As I write, the United States of American has recently completed a national presidential election. There are probably ways in which it could have been done more poorly than it was done. First, the votes count unequally, with a vote in Wyoming worth 3.6 times what a vote in the State of California is worth, due to a system of voting devised in 1802 and still in place more than 200 years later. Second, voter-suppression efforts by one of the political parties were remarkably successful, probably flipping the results in at least one state. Third, for a technologically advanced country, taking several days to count votes might be viewed as something of a travesty. Fourth, failing to achieve sufficient votes to win, one political party has used lawsuits to try to overturn the results of the election. Well, I could go on, but this blogpost is not about bad politics.
The blogpost is about a historical accident that has cost the United States and other countries incalculably in terms of progress of many different kinds. The historical accident was the invention of the intelligence test by Alfred Binet and Theodore Simon in 1905. Binet and Simon meant well—they intended to find a way to identify students who would not adequately profit from standard instruction and who needed remedial help. But the innovation caught on and its purpose was transmogrified in a way no one would have expected: Intelligence tests and their proxies, such as the SAT and the ACT in the United States, came to be used to make high-stakes decisions about young people’s futures, either allowing them to rise in a narrowing funnel or to be left behind. More generally, the academic performance that the tests were supposed to predict continued to be used in many countries to determine students’ futures.
What’s wrong with all this? Well, the academically adept who have passed through the elite goalposts of the educational system proven remarkably maladroit at solving real-world problems. During the twentieth century, IQs rose by 30 points all around the world, an incredible amount. That is the difference between being identified as being intellectually average and being identified as gifted (on the upper side) or as borderline intellectually challenged (on the lower side). The average IQ remained 100 only because test publishers kept re-norming the tests. But how much have all those billions of IQ points helped us in solving the serious problems the world faces today—whether or botched elections, global climate change, pandemics, or whatever?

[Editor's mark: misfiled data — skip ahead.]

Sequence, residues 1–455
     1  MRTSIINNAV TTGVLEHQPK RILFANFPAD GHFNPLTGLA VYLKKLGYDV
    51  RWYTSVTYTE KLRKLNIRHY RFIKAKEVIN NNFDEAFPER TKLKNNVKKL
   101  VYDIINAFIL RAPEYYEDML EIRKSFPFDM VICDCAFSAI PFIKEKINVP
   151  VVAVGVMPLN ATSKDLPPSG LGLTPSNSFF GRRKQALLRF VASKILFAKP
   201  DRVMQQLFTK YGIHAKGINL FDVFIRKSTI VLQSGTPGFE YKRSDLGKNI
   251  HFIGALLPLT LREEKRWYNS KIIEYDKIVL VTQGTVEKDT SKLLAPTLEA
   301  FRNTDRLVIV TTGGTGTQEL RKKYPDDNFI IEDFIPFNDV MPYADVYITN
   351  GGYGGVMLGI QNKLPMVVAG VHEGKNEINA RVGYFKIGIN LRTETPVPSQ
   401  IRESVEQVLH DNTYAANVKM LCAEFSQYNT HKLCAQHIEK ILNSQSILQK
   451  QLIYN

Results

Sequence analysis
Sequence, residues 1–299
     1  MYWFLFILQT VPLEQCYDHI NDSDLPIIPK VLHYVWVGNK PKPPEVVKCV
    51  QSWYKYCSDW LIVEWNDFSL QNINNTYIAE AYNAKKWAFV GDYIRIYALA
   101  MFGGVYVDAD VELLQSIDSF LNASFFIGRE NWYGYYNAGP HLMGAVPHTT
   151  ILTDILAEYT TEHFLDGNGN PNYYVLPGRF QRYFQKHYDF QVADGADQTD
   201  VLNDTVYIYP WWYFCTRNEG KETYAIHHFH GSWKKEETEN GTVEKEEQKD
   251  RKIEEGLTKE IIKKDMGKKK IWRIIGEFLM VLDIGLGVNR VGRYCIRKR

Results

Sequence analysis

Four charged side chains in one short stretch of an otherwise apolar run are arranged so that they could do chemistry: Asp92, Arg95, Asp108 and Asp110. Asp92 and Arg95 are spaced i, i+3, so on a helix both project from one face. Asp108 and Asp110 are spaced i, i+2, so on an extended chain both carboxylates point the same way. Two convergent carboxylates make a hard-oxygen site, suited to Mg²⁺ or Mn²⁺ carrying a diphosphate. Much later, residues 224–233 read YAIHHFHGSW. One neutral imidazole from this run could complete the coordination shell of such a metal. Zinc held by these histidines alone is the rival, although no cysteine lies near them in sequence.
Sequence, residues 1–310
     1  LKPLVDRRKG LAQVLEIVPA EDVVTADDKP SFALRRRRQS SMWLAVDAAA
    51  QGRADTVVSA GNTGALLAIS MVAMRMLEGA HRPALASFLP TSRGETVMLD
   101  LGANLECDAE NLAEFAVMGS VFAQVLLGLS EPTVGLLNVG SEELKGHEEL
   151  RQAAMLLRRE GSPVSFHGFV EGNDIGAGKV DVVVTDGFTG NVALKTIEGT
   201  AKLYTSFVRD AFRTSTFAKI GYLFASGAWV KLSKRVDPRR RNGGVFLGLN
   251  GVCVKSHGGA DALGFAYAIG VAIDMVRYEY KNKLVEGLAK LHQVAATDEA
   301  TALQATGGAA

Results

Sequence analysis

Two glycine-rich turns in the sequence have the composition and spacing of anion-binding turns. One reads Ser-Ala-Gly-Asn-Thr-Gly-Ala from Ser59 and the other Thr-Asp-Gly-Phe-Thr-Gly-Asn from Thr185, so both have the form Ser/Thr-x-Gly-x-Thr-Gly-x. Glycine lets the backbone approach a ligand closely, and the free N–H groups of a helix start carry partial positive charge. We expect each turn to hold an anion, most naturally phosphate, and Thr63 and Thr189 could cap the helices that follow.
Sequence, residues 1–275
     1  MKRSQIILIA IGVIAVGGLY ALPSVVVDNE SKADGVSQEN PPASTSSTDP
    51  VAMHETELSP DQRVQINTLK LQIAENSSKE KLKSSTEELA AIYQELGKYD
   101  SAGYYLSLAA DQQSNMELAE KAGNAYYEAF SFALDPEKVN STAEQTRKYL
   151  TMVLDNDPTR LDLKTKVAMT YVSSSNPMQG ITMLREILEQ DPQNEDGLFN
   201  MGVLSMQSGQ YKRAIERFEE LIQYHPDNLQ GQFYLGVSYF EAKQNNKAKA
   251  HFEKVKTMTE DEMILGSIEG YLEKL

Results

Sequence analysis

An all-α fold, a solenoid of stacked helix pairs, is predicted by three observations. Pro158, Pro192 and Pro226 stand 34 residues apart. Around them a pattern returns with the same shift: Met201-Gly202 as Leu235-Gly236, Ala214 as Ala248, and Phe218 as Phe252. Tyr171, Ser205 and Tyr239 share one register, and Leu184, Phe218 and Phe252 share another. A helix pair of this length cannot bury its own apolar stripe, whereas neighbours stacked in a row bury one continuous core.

The notion of IQ is so early 20th century. But the notion of an “Electoral College” is so early 19th century and the United States still uses it. Why? Because academic intelligence and the school performance that partly derives from it measure people’s ability to succeed within a given system, instead of to question whether the system even makes sense. So, we have lots of high-IQ citizens and people busily trying to succeed within a variety of failed systems.
In my book Adaptive Intelligence, I argue that we continue with traditional notions of intelligence at our peril. We need to think not just in terms of what works within a given system, but how we can adapt to changes in the environment to create new systems that will preserve humanity rather than letting it destroy itself. And if the pandemic of COVID-19 has not let people to question just how smart we are, wait until global warming starts to take its full toll. If the time is not now to revise our notions about intelligence, when is it?